Green Man Festival 2012 - Part 1

With Mogwai, Dark Dark Dark, Slow Club and more
Mogwai - Green Man Festival 2012
To look around one can’t help but notice the beautiful greenery of the picturesque Welsh countryside. Sprawling, sheep-dotted hills spill down into the valley where Glanusk Park is situated. The air is fresh with daily rain showers and even the resulting mud can’t dampen the mood of those whose home this will be for the weekend, for there is something pure and wholesome about this place, aptly named Green Man.

Friday afternoon sees English folk rock duo Slow Club take to the Main Stage with a set consisting of songs from 2011 album ‘Paradise’. Rebecca Taylor’s vocal rings out to the assembled audience, soulful and true (if at times a little abrasive in its volume) whilst she and Charles Watson strum in perfect unison. Sweet Baboo joins them on stage for an epic sax solo, which is met by cheers and finally ‘2 Cousins’ receives a well-deserved round of applause.

The evening finds us in Chai Wallah, with Hot Toddy Rum Ting in hand. The blend of hot apple, ginger and rum provides the intoxication that’s required to dance to DJ Cheeba who follows the latest trend in “mash up” DJ sets to lead his audience through a number of artists and genres: from Hendrix to Run DMC and electro to D&B. Not a soul stands still as a sea of arms are held aloft in appreciation.

When Cheeba is spent, a quick stroll across the site leads us back to the Main Stage where headliners Mogwai play out their final few songs. ‘Mogwai Fear Satan’ lulls this unsuspecting punter into a dream-like state with its delicate middle section, soft and perfect, before the band explodes into a deafening frenzy of thrashing guitar: a musical slap in the face causing one to choke on one’s pint.

Saturday’s daytime highlight is Dark Dark Dark. The sun shines down as punters adorn the hill facing the Main Stage, with cider in hand. Hailing from Minneapolis, the folk-based five-piece are led by Nona Marie Envie whose vocals are at times reminiscent of Regina Spektor, whilst their pace and solemnity brings Elbow to mind. Accordion and trumpet are alternated to add texture as songs gradually build with emotional intensity – stirring and beautiful.

Later, Yann Tiersen takes us on a multi-instrumental journey, owing more to his racks of analog synthesizers than to the traditions of French folk music that he’s famed for with the ‘Amelie’ soundtrack. Songs from his last two albums provide the framework for the set, but mid-way through, Tiersen takes his violin and demonstrates his classical training with frightening expertise. He plays a virtuoso solo which builds in speed and dexterity as the strings of his bow snap and curl away one by one, his fingers a blur. The crowd go wild.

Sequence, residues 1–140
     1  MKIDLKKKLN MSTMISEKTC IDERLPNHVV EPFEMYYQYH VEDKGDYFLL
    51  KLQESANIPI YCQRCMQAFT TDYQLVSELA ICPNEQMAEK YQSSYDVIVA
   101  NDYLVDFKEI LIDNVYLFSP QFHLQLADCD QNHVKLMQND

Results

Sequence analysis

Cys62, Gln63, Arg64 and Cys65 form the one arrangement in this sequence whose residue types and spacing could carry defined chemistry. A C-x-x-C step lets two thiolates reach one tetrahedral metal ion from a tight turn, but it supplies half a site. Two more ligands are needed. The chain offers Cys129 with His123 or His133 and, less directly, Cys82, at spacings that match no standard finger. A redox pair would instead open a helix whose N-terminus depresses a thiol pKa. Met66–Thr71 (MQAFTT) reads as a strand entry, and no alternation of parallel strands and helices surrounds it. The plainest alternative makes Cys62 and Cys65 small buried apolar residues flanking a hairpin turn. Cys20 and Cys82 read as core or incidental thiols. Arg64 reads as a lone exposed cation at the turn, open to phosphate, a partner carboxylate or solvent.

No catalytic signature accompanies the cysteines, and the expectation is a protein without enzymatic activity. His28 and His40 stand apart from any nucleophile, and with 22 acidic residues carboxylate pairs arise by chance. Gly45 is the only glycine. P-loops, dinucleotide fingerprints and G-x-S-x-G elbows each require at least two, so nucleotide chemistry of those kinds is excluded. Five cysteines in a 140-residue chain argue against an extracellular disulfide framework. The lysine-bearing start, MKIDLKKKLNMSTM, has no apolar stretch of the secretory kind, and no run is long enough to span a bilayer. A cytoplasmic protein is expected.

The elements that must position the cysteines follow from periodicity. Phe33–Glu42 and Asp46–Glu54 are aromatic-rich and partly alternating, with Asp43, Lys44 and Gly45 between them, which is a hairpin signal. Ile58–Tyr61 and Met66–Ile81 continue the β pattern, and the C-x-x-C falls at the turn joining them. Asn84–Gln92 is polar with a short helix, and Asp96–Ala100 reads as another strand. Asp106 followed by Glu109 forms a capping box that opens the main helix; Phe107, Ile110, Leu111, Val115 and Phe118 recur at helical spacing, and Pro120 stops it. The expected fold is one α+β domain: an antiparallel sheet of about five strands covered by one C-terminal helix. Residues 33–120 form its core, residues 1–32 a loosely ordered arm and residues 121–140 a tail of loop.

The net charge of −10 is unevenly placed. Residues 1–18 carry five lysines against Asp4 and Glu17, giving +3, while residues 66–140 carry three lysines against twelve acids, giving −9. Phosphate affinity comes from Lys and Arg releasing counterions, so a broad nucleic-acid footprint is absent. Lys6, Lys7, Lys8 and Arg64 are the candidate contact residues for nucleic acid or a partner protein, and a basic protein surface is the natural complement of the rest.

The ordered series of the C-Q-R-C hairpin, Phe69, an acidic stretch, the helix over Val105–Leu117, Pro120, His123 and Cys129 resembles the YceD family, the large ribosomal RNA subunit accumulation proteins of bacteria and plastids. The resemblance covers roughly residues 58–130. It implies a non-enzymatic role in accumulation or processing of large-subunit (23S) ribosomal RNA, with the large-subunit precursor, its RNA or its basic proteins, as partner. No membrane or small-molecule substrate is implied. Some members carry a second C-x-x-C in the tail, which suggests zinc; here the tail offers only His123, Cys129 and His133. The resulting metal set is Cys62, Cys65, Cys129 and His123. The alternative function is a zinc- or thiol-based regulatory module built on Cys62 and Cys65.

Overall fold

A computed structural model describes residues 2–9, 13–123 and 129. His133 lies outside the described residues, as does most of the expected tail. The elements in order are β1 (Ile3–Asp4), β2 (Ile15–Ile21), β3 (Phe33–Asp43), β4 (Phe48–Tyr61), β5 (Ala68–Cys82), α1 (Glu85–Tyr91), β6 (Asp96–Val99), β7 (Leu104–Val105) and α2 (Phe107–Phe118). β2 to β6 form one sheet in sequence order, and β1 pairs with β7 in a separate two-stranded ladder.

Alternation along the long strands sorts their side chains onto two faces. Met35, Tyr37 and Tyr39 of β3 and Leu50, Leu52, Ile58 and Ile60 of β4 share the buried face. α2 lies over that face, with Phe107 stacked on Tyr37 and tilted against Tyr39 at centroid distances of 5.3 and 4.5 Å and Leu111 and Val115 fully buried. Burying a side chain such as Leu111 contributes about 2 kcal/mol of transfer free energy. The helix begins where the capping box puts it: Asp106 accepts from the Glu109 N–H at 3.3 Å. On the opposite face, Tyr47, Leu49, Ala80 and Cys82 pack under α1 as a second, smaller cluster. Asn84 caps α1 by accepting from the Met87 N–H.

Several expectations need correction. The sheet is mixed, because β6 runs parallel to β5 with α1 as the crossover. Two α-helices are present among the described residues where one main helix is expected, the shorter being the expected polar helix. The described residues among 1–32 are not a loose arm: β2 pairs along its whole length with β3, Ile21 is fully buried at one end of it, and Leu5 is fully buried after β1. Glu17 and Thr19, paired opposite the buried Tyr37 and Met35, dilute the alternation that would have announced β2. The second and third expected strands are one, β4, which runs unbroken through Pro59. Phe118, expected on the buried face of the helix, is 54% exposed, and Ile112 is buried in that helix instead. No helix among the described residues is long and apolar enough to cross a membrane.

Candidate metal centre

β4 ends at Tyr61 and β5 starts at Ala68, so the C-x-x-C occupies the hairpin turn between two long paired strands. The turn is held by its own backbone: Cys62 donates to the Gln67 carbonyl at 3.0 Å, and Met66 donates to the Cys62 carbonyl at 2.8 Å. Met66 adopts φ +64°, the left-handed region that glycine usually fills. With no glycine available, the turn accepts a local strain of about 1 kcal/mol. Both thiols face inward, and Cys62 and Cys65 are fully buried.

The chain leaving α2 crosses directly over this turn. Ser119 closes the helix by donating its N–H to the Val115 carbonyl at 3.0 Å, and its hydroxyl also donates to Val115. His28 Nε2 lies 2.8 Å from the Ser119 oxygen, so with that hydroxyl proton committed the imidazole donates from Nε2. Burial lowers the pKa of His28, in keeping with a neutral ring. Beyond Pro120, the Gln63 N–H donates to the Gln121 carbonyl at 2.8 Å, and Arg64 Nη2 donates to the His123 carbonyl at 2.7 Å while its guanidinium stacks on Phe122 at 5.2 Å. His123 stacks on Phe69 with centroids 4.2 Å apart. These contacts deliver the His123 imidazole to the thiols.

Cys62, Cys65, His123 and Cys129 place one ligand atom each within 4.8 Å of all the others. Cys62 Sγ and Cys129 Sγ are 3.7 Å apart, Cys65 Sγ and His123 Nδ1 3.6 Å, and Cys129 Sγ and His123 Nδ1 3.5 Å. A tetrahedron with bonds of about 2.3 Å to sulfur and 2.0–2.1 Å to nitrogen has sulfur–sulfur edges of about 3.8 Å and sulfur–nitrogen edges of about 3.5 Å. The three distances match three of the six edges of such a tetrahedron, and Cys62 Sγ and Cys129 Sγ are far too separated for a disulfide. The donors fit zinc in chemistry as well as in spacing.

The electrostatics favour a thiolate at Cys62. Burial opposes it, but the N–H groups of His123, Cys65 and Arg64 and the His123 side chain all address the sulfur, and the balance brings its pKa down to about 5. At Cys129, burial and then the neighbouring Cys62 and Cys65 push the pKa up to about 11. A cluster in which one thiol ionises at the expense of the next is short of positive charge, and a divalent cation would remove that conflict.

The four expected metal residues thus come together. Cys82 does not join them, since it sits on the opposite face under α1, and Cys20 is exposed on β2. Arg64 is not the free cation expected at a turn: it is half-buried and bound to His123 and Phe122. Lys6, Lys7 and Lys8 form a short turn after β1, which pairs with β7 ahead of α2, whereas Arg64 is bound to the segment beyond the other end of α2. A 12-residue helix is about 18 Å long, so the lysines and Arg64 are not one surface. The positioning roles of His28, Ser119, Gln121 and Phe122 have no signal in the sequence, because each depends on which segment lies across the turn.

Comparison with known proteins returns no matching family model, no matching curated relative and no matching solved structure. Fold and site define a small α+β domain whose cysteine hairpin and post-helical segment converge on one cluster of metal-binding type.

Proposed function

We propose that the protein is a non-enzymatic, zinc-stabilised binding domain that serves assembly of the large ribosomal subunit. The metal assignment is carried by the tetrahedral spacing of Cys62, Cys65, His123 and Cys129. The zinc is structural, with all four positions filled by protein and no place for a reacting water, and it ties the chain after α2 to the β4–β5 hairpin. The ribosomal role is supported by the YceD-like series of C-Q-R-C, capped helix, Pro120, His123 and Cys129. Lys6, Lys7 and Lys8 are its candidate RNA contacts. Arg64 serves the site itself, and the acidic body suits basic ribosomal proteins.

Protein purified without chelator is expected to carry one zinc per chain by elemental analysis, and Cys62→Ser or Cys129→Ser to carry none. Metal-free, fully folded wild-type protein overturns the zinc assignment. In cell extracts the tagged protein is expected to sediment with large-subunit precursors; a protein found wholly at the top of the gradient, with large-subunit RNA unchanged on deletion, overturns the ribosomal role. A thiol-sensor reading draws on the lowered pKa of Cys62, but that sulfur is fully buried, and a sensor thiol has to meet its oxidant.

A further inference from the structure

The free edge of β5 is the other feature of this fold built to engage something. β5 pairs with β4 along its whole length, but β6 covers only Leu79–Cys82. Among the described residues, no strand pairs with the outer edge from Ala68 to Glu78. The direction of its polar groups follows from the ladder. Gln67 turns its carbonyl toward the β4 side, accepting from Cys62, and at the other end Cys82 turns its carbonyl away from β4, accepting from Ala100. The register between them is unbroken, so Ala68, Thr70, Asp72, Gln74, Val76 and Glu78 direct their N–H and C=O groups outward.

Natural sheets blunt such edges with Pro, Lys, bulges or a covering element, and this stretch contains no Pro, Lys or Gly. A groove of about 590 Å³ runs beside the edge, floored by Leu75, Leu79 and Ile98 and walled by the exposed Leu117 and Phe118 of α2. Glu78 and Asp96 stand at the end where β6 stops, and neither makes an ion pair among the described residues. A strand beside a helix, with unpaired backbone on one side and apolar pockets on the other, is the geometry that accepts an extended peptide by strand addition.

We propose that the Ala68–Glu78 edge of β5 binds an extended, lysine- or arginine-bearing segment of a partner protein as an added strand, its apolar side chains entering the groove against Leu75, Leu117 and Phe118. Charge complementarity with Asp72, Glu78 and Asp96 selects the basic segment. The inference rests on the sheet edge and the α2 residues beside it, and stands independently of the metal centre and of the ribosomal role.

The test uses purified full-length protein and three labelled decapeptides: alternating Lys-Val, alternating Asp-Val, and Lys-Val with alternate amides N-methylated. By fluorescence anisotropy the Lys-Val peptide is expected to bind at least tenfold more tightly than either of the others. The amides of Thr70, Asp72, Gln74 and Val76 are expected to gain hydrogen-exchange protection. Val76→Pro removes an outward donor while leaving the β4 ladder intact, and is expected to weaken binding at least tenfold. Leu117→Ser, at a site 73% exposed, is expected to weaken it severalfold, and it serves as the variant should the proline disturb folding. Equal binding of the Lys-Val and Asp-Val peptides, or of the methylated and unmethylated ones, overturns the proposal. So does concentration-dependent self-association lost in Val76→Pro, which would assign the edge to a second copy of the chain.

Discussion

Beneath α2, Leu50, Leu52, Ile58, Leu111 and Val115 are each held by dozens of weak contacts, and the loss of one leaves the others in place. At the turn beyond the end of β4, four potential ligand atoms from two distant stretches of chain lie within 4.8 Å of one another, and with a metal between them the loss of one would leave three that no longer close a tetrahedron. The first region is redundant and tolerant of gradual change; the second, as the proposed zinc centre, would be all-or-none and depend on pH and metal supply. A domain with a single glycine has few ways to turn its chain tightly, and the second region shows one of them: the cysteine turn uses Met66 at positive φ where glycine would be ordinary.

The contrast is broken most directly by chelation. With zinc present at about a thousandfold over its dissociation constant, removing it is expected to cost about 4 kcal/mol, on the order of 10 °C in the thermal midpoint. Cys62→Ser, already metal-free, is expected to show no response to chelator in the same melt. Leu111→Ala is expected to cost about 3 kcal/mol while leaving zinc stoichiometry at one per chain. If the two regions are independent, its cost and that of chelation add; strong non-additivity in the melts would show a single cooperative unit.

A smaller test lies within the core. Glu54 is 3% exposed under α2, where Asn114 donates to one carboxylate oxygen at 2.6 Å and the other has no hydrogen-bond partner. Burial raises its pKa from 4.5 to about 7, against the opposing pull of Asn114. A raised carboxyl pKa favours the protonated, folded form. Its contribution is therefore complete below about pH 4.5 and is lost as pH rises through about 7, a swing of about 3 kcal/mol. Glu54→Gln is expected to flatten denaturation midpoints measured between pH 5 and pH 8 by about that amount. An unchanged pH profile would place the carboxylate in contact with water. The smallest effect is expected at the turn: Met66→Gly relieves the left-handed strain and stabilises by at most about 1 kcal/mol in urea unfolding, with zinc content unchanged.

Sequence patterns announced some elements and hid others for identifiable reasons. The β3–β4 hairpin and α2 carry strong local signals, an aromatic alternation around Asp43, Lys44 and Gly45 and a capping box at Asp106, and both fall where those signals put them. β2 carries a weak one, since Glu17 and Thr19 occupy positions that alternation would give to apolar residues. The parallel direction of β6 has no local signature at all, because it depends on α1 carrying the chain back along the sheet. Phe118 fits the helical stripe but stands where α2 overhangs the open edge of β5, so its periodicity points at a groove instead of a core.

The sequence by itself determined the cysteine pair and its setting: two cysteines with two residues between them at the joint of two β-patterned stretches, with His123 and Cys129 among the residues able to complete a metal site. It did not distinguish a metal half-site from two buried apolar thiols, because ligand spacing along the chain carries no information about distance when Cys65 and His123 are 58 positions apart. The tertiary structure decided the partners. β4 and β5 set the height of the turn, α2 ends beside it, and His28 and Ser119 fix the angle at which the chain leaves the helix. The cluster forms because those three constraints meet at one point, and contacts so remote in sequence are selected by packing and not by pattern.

Sunday’s recovery time takes us on a stroll through Einstein’s Garden, which is an area that supports the festival’s truly green roots. Stalls educate about sustainability, with pedal-powered phone charging and a solar stage. By night the area looks more like something from Willy Wonka’s chocolate factory with its extravagant flower beds and chocolate-looking mud paths.

Also worth noting at this family festival is the presence of children. Kids are a frightening concept to the child-free contingent of attendees, but these are the best-behaved little pixies: running, playing and giggling to their hearts’ content. One encounter with a family in a giant egg-shaped juke box sees a boy of approximately five years old requesting that his dad play his favourite Beatles songs – his knowledge of their discography is astounding.

Sunday afternoon sees the eagerly anticipated Alt-J take to the Far Out Stage, which is more packed than it has been all weekend. The four-piece play songs from their debut album ‘An Awesome Wave’, with ‘Tessellate’, ‘Matilda’ and ‘Breezeblocks’ providing personal highpoints. Their unusual vocals are crisp and three-part harmonies are at times like that of a barbershop quartet. These guys will be hop, skip and jumping up the bill in years to come.

Green Man is picturesque and peaceful in comparison to some of its British counterparts. A tenth of the size of Glastonbury, this Welsh wonderland continues to delight even the most hardened festival-goer. It is certainly worth a visit.

Words by Becci Ride

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